As Joca mentioned yesterday, the 24th all-European quarterfinals of a Masters 1000 event, for the first time men from Europe rule in Miami completely from quarterfinals and onwards.
(8)Richard Gasquet d. (4)Tomas Berdych 6-3, 6-3 [1:14 h]
They met two weeks ago at Indian Wells, and Berdych won 6-1 7-5 so there was tough to expect he would be defeated in a similar fashion… but it happened, he got only six games despite very neutral start: he led 3:2* in the 1st set making a better impression, had a couple of break points in the 6th game, however, after he couldn’t convert them, completely lost his rhythm spreading forehand errors all over the place and lost seven games in a row! In my opinion he was more erratic than Gasquet magnificent. The Frenchman can produce an all-court tennis, but this time he was limited to grabbing points off Berdych’s errors, from time to time entertaining the crowd with sharp-angle backhands. “I’m really happy with the way I played,” Gasquet expressed the obviousness. “It was a good match for me. And I think I was solid mentally. I was playing very good. It’s an important match for me.”
(2)Andy Murray d. (9)Marin Cilic 6-4, 6-3 [1:42 h]
This match showed how far away Cilic is from the best guys despite he’s approaching Top 10. The start was promising for him as he saved a triple break point in the opening game to establish a 3:1 lead, nevertheless he was broken three times in the 1st set (had lost two service games in two previous matches). He figured out that staying on the back of the court he’s chance-less against the consistent Murray, so he changed his tactics in the 2nd set, and was more offensive than ever, only in the 4th game he played more good volleys than usually in the entire match, all in vain – lost it after seven deuces in 15 minutes. I had an impression that Murray was all the time at 70% of his mental & physical involvement, so when Cilic fought strongly, and saved six match points at the end, it didn’t impress me at all because I know he isn’t a guy who would build a momentum coming back from a big hole against a superior opponent. The Scot improves to an 8-1 record over Cilic.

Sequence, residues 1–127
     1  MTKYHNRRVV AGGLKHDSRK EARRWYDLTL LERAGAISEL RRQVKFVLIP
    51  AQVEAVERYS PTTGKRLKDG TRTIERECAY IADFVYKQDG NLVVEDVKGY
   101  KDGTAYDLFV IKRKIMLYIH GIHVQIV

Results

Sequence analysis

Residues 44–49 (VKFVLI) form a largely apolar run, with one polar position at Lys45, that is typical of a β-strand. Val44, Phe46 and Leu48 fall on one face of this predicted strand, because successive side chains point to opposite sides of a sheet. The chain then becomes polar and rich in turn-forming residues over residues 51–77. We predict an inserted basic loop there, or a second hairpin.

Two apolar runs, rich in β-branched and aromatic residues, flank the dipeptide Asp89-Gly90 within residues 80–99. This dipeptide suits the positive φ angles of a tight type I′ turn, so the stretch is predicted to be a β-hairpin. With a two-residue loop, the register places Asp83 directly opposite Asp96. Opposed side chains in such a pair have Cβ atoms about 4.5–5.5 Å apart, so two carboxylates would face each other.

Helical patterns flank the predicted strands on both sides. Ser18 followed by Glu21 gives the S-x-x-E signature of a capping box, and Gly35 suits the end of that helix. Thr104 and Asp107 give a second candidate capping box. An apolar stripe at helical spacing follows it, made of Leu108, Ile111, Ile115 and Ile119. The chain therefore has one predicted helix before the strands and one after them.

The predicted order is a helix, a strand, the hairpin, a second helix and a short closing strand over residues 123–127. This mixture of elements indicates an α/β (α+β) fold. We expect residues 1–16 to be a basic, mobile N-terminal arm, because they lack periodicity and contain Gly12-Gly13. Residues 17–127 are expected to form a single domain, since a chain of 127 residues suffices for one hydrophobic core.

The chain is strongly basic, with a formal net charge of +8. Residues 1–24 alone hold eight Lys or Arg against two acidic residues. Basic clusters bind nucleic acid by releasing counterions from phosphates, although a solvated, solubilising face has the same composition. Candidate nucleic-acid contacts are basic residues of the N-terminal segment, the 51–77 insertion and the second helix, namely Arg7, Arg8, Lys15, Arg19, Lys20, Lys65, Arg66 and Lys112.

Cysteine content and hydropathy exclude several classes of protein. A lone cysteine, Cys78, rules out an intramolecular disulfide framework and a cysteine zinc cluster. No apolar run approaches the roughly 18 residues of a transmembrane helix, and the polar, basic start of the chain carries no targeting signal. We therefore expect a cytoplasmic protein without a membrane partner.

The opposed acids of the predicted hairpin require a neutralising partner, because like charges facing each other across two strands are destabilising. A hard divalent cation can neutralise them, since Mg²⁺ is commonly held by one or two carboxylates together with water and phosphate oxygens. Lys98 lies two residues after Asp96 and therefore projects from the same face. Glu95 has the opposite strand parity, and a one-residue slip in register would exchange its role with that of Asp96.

(15)Tommy Haas d. (11)Gilles Simon 6-3, 6-1 [1:04 h]
Clinical performance from Haas. He didn’t overreact after sensational win over No. 1 in the world. He returned on Centre Court twenty-two hours later being well motivated and in a great physical shape, also relaxed because he laughed when his little daughter was depicted on a big screen during the warm-up. The match seemed open until 3-all in the 1st set, since then Haas was doing on court what he wanted, Simon couldn’t respond with one of his biggest merits – patience; he was outplayed even in this department when Haas won a 30-stroke rally without anhelation. The German will play in the semifinals of a Masters 1000 event for the first time since 2006 (Paris). He said: “I used my chances right away in the second set and took that momentum..”
(3)David Ferrer d. Jurgen Melzer 4-6, 6-3, 6-0 [1:55 h]
The 1st set was bizarre, Ferrer led 2:0, then was 2:5* down having a double break point to level at 5 games apiece. So almost six breaks of serve in the first ten games! Perhaps Ferrer would have broken Melzer in the 10th game if he hadn’t received a warning due to shouting “puta!” after losing the second break point at 4:5. It hurt him so much that he called for a warning for Melzer in the 2nd set when the Austrian hit the ball into the stands. Melzer implemented the right tactics generally speaking: hard ground-strokes, risky 2nd serve and changing of pace, but it worked only the first 40 minutes. From start of the 2nd set to the end of the match Ferrer’s domination was overwhelming. He’s fitter and too stubborn to collapse being 0-1 in sets against anyone except Nadal. He was patiently collecting points on Melzer’s errors and double faults (they separated them the most, Melzer committed 11 to none by Ferrer at 14-point discrepancy). Ferrer moves through to the Miami semifinals for the third time in career (2005-06) improving H2H against Melzer to 7-2.